Petrosyan, A.; Galperin, B.; Gundersson, K.; Larsen, S.; Lewis, S.; Read, P.; Renno, N.; Richardson, M.; Rogberg, P.; Savijärvi, H.; Seiferlin, K.; Siili, T.; Thomas, N. and Toigo, A.
The ISSI international study team on the martian PBL – status report and plan.
In: Third International Workshop on The Mars Atmosphere: Modeling and Observations, 10-13 Nov 2008, Williamsburg, Virginia.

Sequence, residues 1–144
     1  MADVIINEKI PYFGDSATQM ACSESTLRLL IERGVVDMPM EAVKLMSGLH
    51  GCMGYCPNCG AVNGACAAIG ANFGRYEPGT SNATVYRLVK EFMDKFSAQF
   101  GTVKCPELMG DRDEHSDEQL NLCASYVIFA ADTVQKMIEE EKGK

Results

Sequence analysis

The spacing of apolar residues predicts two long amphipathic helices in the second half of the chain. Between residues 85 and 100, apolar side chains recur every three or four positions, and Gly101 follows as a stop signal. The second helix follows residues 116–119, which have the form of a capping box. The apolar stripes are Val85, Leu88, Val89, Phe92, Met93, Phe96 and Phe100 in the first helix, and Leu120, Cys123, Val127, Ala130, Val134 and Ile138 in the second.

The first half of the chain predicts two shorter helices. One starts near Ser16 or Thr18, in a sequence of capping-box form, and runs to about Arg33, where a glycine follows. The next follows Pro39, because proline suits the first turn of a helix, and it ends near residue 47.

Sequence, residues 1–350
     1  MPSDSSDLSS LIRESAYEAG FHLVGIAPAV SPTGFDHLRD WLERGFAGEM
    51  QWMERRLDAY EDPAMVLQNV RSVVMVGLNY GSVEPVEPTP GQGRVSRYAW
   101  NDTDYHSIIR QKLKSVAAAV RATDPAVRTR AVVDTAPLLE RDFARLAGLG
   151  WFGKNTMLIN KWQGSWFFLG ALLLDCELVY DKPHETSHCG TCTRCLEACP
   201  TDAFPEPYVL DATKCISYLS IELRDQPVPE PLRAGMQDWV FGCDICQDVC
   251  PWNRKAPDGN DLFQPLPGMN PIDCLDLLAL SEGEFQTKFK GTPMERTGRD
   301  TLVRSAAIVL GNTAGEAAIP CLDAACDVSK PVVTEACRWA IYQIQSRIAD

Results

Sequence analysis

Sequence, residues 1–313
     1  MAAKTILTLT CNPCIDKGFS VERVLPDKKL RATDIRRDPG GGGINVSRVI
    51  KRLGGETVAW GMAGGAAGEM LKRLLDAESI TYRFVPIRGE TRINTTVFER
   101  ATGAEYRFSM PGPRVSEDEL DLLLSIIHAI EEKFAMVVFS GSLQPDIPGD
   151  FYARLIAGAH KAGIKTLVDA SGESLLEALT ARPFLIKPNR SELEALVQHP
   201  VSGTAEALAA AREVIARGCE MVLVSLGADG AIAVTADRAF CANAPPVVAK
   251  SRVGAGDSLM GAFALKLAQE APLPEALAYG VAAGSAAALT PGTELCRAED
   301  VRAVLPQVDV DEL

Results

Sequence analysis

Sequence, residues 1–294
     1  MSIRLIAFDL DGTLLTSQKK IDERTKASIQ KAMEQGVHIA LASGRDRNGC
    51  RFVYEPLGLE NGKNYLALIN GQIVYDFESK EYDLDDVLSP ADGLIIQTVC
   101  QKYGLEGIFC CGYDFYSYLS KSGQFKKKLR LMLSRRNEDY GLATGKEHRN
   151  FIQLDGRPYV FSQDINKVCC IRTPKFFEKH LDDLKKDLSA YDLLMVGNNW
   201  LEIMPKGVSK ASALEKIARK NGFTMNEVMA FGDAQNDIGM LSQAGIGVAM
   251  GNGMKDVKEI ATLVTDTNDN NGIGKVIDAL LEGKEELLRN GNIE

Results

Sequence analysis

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Dynamical processes in the Martian boundary layer provide the means of communication between surface ice deposits and the free atmosphere, and the means of lifting dust from the surface. The boundary layer is therefore one of the most important components of the Martian climate system. The Martian boundary layer differs from that of the Earth in that it is more strongly forced, it is deeper, and the relative importance of radiative and convective heat fluxes in the lower boundary layer can be quite different. In order to understand the Martian boundary layer, a combination of theoretical, modeling and observational studies are necessary. Interactions between theorists, modelers, and observational scientists are needed to make progress and to provide a basis for analysis of data expected from Phoenix, Mars Science Laboratory, ExoMars and other future landed missions (such as a surface network mission), or missions such as balloons or other aircraft operating in the neutral atmosphere. The prime goal of this project under the auspices of the International Space Science Institute (ISSI) is to review and assess the current knowledge and understanding of Martian planetary boundary layer and its interactions with the surface and free atmosphere. We aim to promote international communication and collaboration to enhance the rate of acquisition of knowledge and understanding. This will be achieved through an International Study Team and publication of overview papers and individual reports on recent advances in this area.
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